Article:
Keeping pace with change can be difficult sometimes, whether it
is the latest trends in fashion or mobile phone applications, and
we can now add doing business internationally to that list.
While improvements in world travel, telecommunications and
infrastructure have made doing business practically seamless across
jurisdictions, G-20 governments, struggling to balance their
budgets, have led the charge to frustrate the process through the
implementation of various rules, regulations and protocols.
In the last decade, there have been several restrictions on
business activities and increased compliance measures designed to
monitor and control foreign investments, prevent money laundering
and keep corporate profits at home and subject to domestic
taxation. The G-20 countries, either unilaterally or through
their own member organisations, like the Financial Action Task
Force and the Organisation for Economic Co-operation and
Development (OECD), have imposed a number of stringent requirements
ranging from Basel III on financial regulations, Solvency II on
insurance, the Foreign Account Tax Compliance Act, the Base Erosion
and Profit Shifting initiative, and the soon to be implemented
Common Reporting Standards. These requirements and their
heavy compliance costs have overwhelmed regulators and service
providers across all jurisdictions. Moreover, many of these
directives challenge the validity of previously signed double
taxation treaties between international jurisdictions and G-20
countries, creating both diplomatic and legal issues.
Thus, planning for cross-border transactions has become a
delicate operation, with substance and transparency becoming key
words. Governments are eager to exchange tax information and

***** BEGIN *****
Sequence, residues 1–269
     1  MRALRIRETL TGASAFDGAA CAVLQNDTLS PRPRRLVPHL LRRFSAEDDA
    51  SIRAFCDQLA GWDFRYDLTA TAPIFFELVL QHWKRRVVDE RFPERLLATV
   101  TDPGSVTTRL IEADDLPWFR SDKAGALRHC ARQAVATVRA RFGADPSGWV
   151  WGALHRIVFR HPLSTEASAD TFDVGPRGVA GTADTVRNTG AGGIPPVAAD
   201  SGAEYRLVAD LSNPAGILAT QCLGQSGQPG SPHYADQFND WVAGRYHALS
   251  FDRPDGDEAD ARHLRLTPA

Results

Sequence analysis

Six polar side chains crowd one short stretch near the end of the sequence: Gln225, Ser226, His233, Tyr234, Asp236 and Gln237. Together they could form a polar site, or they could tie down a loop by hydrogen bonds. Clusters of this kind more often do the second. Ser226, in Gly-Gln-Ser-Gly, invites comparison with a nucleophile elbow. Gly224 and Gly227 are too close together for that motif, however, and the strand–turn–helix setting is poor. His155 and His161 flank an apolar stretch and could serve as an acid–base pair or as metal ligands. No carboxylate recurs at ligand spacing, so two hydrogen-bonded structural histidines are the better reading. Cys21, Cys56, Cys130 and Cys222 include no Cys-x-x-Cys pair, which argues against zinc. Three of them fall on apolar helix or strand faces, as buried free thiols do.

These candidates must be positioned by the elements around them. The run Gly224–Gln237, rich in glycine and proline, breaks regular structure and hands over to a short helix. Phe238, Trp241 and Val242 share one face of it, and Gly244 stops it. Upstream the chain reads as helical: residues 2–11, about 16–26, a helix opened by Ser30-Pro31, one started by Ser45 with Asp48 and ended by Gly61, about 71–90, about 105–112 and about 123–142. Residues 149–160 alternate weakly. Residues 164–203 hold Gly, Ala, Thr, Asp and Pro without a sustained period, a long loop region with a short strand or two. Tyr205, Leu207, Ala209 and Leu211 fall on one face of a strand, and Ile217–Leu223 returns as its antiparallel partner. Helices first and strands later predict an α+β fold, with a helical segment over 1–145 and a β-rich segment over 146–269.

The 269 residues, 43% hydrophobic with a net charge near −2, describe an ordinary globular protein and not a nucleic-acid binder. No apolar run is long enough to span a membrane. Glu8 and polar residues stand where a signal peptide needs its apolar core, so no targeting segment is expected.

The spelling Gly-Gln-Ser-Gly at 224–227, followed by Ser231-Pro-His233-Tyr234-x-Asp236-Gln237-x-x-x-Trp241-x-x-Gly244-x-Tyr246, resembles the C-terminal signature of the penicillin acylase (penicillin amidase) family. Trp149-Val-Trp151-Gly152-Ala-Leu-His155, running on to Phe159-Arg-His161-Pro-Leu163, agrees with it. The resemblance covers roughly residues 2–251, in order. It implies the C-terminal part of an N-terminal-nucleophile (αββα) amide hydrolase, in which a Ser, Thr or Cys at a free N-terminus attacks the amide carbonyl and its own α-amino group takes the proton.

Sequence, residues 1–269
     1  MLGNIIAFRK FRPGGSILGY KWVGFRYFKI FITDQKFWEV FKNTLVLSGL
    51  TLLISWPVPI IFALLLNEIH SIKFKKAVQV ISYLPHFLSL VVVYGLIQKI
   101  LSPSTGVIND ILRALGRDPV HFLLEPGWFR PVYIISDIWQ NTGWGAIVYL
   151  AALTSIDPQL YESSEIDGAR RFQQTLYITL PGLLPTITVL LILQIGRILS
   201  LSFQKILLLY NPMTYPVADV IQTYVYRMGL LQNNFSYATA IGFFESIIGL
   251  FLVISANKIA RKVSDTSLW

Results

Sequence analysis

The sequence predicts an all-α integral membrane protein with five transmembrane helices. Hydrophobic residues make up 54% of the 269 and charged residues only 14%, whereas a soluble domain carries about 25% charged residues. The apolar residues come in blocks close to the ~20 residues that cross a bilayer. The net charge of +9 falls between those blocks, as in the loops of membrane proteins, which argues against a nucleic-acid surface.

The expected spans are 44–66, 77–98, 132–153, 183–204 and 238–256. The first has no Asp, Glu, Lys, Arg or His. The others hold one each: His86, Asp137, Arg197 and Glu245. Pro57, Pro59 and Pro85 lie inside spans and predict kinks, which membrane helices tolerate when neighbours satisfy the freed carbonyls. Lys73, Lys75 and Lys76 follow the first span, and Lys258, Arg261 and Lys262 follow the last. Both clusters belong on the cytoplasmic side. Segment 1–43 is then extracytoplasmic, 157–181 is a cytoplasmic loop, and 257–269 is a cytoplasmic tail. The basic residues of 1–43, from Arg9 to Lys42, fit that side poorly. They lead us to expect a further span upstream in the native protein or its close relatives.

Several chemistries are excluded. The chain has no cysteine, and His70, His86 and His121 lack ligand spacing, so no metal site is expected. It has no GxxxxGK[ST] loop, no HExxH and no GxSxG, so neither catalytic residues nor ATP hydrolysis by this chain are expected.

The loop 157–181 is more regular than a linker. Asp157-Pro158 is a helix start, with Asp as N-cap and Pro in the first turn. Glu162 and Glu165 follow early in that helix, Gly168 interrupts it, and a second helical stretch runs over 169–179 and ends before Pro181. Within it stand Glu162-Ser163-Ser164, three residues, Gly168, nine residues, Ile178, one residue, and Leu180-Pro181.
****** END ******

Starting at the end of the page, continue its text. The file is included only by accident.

challenge the implementation of tax minimisation strategies.
In October 2014, 54 countries signed a multilateral competent
authority agreement to exchange information automatically and at
June 2016, the total numbers of signatories' had increased to
83. This initiative is likely, eventually, to evolve into an
interconnected tax world with instant exchange of
Yet, if anything, these changes have led to a renaissance of
sorts in international financial centres (IFCs), with the
development of products outside of the normal incorporation of an
international company. Wealth protection and succession
planning are becoming an important part of the landscape, and the
planning tools have evolved to include investment funds, trusts,
foundations, protective cell companies and philanthropic
charities. These tools provide the flexibility for
sophisticated planning for multiple generations, across
jurisdictions. The actual planning vehicle used by the
prudent tax planner would depend on nationality, residency, local
laws and, indeed, the degree of wealth of the individual.
The profile of jurisdictions involved in the facilitation of
cross-jurisdictional business is now high on the agenda of the
OECD. These jurisdictions are being forced to embrace the
demands and costs of the ever-changing compliance rules, yet some
of them have seen robust growth - the British Virgin Islands,
Cayman Islands and the Seychelles, to name a few. This
resilience seems to suggest that, in most cases, IFCs are seen as
better regulated than most 'onshore' jurisdictions, and
there is a strong belief that, as long as wealth protection drives
offshore investment, then cross-jurisdictional business will
continue to provide the interface for worldwide tax systems and,
hence, global trade.
The cliché "the more things change, the more they
remain the same" is now very relevant to IFCs, most of which
have built their industry on three essential pillars:
Efficient judicial systems
Specialised knowledge and
Additional changes in this business environment are inevitable,
but one can expect that amidst the changes, those jurisdictions,
entities and service providers, who are plying their trade across
borders, will strike the right balance between risk and reward, to
ensure that substance, quality and profitability are not
The content of this article is intended to provide a general
guide to the subject matter. Specialist advice should be sought
about your specific circumstances.
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